1940 2¢ John Philip Sousa
Famous Americans Series – Composers
Issue Date: May 3, 1940
First City: Washington, D.C.
Quantity Issued: 58,281,580
Printed by: Bureau of Engraving and Printing
Printing Method: Rotary Press
Perforation: 10 ½ x 11
Color: Rose carmine
Happy Birthday John Philip Sousa
American composer and conductor John Philip Sousa was born on November 6, 1854, in Washington, DC.
The third of ten children, Sousa began playing music at the age of six when he took lessons on the violin. His instructors quickly found that he had absolute or perfect pitch – the ability to identify or recreate a note without a reference tone. By the time he was a teenager, Sousa learned to sing and to play piano, flute, cornet, baritone horn, trombone, and alto horn.
When Sousa was 13, his father, a trombonist in the Marine Band, enlisted him in the Marine Corps to prevent him from joining a circus band. Sousa joined the Marine Band and remained with it until he was 20. In his time outside of the Marine Band, Sousa also studied music theory and composition with George Felix Benkert.
After leaving the Marines, Sousa spent some time in Washington, DC, conducting and playing in bands before moving to Philadelphia in 1876. While there, he found work as a composer, arranger, and proofreader for publishing houses. He also toured with the musical Our Flirtation, for which he wrote some of the music.
Then in 1880, Sousa was offered the leadership of the Marine Band and he accepted. It was his first time conducting a military band, and he approached it differently than his predecessors had. He made changes to the way the band played and ran very strict rehearsals. Soon, the Marine Band was the country’s most respected military band, and people flocked to their performances. Sousa wrote, “The Gladiator” in 1886, which brought him his first acclaim as a composer. Two years later he wrote “Semper Fidelis” for the Marines, and it went on to become their official march.
In 1889, Sousa composed “The Washington Post” march as part of a promotion for an essay contest put on by the newspaper. The march was adapted and popularized with the dance called the two-step. The song then became the most popular tune in America and Europe. It was at this time that Sousa earned the nickname “The March King.”
After producing some of the country’s first commercial recordings, Sousa took the Marine Band on their first national tour in 1891 (a tradition that continues to this day). Sousa led the “Presidents Own” band under five presidents with the Marine Band for 12 years. Then in 1892, he was encouraged to start his own civilian band, which would make him even more popular with the public. Between 1892 and 1931, he would perform 15,623 concerts with the Sousa Band in the US and around the globe. It was during this time that he wrote: “The Liberty Bell” which was later used for Monty Python’s Flying Circus and his most famous song, “Stars and Stripes Forever,” which is America’s national march.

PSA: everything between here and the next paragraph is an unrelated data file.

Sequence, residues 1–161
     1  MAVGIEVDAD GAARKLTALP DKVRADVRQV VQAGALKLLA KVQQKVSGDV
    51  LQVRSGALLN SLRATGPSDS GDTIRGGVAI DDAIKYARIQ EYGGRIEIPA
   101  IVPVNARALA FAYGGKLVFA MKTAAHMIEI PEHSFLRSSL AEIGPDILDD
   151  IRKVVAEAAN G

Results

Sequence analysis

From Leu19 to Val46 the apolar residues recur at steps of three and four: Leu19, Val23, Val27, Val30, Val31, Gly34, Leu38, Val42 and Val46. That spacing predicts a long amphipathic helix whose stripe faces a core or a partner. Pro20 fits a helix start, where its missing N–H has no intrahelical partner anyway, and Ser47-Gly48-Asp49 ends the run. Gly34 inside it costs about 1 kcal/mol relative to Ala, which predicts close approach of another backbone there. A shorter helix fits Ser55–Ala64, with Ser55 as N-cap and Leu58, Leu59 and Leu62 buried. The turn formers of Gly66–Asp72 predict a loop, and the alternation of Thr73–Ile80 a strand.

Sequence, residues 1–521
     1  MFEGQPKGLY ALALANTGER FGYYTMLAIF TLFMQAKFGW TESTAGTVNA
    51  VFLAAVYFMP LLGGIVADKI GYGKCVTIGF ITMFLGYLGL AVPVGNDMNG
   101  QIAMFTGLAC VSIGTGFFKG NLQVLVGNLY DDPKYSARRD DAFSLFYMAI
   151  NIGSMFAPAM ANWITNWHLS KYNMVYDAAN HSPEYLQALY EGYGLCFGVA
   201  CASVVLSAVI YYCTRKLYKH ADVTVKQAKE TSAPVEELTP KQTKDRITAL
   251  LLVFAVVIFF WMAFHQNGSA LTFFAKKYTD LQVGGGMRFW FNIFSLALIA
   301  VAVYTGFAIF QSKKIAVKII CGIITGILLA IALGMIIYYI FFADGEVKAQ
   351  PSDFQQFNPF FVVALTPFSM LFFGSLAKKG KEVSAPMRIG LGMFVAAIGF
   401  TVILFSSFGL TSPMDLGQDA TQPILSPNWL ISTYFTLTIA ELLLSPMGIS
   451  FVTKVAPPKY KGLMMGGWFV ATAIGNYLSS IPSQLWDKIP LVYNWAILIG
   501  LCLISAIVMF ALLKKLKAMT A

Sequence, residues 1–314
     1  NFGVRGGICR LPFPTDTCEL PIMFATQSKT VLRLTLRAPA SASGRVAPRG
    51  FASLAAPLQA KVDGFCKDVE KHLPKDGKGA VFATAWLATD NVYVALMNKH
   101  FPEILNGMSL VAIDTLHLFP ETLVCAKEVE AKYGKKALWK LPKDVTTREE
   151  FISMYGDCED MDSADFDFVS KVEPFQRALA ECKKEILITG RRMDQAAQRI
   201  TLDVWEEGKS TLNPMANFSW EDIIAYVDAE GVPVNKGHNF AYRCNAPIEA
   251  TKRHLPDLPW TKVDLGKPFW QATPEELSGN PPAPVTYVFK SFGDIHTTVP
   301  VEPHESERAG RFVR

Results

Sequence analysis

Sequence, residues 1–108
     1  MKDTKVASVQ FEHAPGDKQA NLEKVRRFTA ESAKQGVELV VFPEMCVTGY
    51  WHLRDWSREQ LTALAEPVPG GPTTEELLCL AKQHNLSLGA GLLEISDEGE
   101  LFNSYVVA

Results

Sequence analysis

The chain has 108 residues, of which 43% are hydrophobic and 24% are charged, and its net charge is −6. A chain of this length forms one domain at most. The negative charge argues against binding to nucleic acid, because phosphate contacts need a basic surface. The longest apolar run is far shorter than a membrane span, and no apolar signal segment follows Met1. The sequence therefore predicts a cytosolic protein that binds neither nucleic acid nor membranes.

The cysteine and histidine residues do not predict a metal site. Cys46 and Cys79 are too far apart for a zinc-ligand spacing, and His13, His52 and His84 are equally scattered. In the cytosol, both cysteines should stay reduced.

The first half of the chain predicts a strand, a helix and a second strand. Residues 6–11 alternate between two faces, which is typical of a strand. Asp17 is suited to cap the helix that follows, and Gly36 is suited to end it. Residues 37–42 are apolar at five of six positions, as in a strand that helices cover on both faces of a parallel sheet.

In 1893, Sousa worked with a Philadelphia instrument maker to develop a new instrument, the marching brass bass, or sousaphone. Sousa returned to the military in 1917 after the US joined World War I. He was commissioned a lieutenant in the US Naval Reserve and led the Navy Band. He later received the World War I Victory medal for his service.
Sousa died on March 6, 1932, in Reading, Pennsylvania. Over the course of his career, he wrote 137 marches, 15 operettas, 5 overtures, 11 suites, 24 dances, 28 fantasies, and 322 arrangements of nineteenth-century western European symphonic works.
In 1938, the Post Office Department announced plans for a series of stamps recognizing 10 famous Americans and invited the public to submit recommendations. The response was so great that it was decided to increase the number from 10 to 35. This required an unexpected level of organization by the Post Office Department for this series.
Seven categories were decided upon – authors, poets, educators, scientists, composers, artists, and inventors. Each category of five has the same set of denominations – 1¢, 2¢, 3¢, 5¢, and 10¢. Each rate had a valid use. The 1¢ stamp paid for a letter that was dropped off at a post office to someone who had a box at the same office. The 2¢ was for local delivery. The 3¢ paid the normal non-local mail rate, and the 5¢ and 10¢ were used in combination for heavier letters and special rates. The denominations also shared a consistent coloring scheme: 1¢ is bright blue green; 2¢ is rose carmine; 3¢ is bright red violet; 5¢ is ultramarine; and 10¢ is dark brown.
Each category has its subjects arranged with the oldest birth date going on the 1¢ stamp, down to the most recent birth date on the 10¢ stamp. Each category has its own dedicated symbol in the engraving – a scroll, quill pen and inkwell for authors; a winged horse (Pegasus) for poets; the “Lamp of Knowledge” for educators; laurel leaves and the pipes of the Roman god Pan for composers; and inventors had a cogwheel with uplifted wings and a lightning flash to symbolize power, flight, and electricity.
The artists and the scientists have multiple symbols. Artists have either a paint palette and brush (for painters), and the sculptors have a stonecutting hammer and chisel. Scientists had the classical symbol of their particular profession.